Utah did not make a list of the top 10 worst states for atheists, although it did get sort of an honorable mention. Or maybe a dishonorable mention.

In a story on the online news outlet AlterNet, Louisiana was No. 1 on a list of “scariest states to be an atheist,” followed by Mississippi, Texas, Rhode Island, Florida, North Carolina, Alabama, Arkansas, Idaho and Pennsylvania.

But Mormon-dominated Utah — a frequent contender for the title of most religious state — was dinged for being the place “where, says [former] American Atheists President David Silverman, ‘the [former] state attorney general is trying to have the Roman Cross pronounced secular so it can be placed on public buildings and schools without regard to equal access.’”

That’s an apparent reference to a case involving 12-foot-high crosses erected on public land by the Utah Highway Patrol Association to memorialize state troopers killed in the line of duty. In 2005, American Atheists Inc. sued, arguing that the crosses were religious symbols and their placement was unconstitutional.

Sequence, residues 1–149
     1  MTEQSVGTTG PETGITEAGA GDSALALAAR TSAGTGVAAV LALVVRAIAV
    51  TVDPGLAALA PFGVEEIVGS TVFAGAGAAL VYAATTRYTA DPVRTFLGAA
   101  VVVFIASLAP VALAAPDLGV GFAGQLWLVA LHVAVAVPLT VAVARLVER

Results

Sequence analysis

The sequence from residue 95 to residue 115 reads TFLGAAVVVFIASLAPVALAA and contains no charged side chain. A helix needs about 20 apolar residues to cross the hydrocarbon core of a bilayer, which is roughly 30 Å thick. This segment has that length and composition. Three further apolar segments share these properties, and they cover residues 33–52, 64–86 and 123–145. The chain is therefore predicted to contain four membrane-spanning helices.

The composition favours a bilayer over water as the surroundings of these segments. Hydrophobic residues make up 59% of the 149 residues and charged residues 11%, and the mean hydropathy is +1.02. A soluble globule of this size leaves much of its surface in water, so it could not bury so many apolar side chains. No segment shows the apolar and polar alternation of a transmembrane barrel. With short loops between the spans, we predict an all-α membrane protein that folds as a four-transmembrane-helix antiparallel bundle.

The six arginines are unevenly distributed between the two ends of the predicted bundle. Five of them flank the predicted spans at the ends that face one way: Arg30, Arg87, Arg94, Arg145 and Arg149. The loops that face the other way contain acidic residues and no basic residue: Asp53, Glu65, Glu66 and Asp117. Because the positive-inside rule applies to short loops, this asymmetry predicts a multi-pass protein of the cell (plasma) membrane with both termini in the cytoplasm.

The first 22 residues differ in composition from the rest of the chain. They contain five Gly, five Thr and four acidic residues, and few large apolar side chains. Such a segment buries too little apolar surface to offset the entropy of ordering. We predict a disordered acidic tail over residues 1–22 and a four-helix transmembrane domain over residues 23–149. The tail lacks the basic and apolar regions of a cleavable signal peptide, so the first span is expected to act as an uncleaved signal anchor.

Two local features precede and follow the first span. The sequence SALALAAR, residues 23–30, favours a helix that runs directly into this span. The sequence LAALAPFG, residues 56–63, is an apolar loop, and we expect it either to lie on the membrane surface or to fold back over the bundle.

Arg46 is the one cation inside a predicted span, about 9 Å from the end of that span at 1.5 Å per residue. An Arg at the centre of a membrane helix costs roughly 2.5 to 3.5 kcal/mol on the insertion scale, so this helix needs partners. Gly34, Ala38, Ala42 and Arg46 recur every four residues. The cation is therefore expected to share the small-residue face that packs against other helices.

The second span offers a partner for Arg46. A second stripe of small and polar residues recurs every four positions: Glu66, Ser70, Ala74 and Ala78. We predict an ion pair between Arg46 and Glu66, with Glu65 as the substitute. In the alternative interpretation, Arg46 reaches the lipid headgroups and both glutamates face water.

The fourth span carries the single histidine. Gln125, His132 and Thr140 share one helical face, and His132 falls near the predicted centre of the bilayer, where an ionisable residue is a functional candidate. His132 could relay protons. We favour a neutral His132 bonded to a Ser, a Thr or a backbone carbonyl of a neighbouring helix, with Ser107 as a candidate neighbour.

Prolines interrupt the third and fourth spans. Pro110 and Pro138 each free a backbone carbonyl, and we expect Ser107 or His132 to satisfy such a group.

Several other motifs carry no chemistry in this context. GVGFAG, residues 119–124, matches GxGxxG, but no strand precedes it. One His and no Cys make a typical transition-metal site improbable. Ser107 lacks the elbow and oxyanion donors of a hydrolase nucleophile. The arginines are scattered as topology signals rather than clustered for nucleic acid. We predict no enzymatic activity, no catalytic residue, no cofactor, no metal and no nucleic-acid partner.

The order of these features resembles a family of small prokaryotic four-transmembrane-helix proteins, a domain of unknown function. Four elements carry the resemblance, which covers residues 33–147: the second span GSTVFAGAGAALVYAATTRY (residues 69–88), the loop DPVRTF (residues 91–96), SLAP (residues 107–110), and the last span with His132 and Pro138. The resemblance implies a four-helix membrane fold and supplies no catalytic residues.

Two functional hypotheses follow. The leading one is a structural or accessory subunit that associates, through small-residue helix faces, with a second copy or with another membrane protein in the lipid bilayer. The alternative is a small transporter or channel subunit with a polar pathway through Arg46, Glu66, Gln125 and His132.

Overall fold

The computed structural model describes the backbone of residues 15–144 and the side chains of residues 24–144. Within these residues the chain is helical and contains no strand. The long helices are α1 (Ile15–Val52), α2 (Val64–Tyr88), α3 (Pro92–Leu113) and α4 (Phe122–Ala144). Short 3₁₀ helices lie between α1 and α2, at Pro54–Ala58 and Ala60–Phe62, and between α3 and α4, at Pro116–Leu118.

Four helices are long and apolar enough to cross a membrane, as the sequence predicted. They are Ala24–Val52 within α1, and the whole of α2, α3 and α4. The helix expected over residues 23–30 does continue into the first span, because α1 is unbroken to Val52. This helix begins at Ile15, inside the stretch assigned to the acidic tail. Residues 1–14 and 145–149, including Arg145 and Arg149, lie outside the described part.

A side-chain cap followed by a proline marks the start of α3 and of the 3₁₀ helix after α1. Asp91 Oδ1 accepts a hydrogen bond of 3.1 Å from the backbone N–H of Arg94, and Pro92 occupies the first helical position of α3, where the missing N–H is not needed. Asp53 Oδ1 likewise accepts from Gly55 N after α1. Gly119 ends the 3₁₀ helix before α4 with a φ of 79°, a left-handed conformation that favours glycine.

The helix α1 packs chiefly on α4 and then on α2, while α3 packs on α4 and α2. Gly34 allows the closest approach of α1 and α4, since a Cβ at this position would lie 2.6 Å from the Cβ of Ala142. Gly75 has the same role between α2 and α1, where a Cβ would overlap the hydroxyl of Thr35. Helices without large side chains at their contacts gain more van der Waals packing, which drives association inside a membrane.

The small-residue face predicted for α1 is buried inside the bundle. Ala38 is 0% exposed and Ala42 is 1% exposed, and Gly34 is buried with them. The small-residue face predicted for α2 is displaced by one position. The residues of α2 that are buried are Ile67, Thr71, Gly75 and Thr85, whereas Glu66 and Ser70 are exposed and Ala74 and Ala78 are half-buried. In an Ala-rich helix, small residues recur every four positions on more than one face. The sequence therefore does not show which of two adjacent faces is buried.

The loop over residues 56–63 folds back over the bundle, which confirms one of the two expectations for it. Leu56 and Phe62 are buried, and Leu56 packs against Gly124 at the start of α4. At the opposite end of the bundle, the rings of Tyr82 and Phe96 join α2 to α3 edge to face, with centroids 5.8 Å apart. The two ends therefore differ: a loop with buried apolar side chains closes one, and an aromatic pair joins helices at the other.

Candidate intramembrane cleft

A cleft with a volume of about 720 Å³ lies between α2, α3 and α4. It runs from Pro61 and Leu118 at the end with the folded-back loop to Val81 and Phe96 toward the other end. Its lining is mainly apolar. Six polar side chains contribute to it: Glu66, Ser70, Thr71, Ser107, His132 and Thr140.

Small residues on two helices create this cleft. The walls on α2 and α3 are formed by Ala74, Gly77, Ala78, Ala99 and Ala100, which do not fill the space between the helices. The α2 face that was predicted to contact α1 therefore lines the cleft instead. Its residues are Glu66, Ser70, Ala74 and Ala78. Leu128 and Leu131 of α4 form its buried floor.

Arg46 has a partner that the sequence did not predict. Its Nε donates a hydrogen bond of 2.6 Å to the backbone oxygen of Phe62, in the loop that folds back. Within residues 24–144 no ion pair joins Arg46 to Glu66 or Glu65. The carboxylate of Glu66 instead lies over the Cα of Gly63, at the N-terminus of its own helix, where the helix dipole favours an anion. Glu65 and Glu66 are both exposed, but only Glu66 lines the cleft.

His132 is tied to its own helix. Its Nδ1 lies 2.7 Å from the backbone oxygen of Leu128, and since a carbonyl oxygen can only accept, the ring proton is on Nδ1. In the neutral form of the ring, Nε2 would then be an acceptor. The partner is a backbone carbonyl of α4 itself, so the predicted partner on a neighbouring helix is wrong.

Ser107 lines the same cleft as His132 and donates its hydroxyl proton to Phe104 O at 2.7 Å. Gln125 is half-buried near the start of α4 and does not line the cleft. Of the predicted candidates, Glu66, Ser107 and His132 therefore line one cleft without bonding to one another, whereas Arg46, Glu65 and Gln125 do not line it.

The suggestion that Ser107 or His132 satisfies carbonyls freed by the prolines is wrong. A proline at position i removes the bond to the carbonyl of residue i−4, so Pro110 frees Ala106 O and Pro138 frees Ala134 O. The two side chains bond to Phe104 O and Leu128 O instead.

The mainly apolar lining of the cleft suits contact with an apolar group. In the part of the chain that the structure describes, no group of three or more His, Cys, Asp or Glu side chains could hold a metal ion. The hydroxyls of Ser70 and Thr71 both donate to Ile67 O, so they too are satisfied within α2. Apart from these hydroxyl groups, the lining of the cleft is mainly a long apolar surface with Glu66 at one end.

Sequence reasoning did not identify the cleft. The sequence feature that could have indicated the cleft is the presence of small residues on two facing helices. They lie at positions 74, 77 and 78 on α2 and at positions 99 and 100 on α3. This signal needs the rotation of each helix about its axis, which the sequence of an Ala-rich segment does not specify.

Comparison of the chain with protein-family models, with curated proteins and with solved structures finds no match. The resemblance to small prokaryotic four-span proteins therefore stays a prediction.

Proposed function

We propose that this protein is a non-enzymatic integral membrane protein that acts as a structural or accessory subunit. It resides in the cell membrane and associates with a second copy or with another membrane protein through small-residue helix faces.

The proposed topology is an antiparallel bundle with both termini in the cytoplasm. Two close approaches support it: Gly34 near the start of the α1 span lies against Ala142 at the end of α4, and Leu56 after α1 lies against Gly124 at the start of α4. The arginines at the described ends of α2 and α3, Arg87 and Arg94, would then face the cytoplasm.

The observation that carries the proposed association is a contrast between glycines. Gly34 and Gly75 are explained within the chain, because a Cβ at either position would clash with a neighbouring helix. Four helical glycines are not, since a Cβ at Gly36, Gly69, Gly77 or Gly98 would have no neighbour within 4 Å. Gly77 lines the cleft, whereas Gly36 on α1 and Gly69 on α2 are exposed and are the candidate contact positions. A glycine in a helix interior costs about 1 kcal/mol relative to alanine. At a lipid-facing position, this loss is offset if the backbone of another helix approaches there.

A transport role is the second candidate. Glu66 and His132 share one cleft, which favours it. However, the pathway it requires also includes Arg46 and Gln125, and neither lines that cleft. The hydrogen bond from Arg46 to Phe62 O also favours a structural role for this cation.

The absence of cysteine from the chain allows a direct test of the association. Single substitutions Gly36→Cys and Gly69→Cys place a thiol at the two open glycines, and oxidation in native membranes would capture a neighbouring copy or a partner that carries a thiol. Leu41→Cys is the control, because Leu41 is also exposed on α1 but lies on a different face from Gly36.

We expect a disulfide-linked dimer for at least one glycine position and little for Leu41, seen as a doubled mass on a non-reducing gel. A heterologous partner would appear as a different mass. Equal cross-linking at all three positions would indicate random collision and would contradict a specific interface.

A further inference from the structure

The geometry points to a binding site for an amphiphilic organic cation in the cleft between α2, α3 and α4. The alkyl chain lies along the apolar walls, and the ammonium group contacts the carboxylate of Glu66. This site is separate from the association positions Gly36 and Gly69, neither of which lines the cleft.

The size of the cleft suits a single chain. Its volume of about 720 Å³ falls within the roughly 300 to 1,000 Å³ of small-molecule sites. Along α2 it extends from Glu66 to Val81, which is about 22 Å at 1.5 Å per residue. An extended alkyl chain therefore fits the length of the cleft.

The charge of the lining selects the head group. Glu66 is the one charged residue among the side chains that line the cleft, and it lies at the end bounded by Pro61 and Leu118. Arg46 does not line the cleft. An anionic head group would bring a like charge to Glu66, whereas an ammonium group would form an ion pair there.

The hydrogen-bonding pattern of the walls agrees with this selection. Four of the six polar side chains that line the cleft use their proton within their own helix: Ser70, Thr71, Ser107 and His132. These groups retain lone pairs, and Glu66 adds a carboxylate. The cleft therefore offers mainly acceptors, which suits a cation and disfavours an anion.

Then-Utah Attorney General Mark Shurtleff argued in favor of keeping the crosses on public land and urged the U.S. Supreme Court to take up the case.

“With two simple lines the highway crosses remind us of the ultimate sacrifice made by troopers while trying to protect us,” Shurtleff said at the time. “Before now, no other court has ever held that memorial crosses establish a religion. The crosses only establish a trooper died in the line of duty.”

In 2011, the U.S. Supreme Court refused to hear an appeal from the UHPA, letting stand a 10th U.S. Circuit Court of Appeals ruling in favor of American Atheists.

The worst-states-for-atheists list, by AlterNet writer Greta Christina, is far from scientific, as she openly acknowledges.

I freely admit that this list, and the order I’m presenting it, is subjective,” she wrote. “It’s not based on a careful statistical analysis of rigorously gathered data based on journalistically objective criteria about anti-atheist bigotry. It’s based on stories that happened to get my atheist dander up. It’s based on stories that made me sad — and enraged.”

And, in the case of Utah, it’s based on court case that began in 2005 and ended in 2011.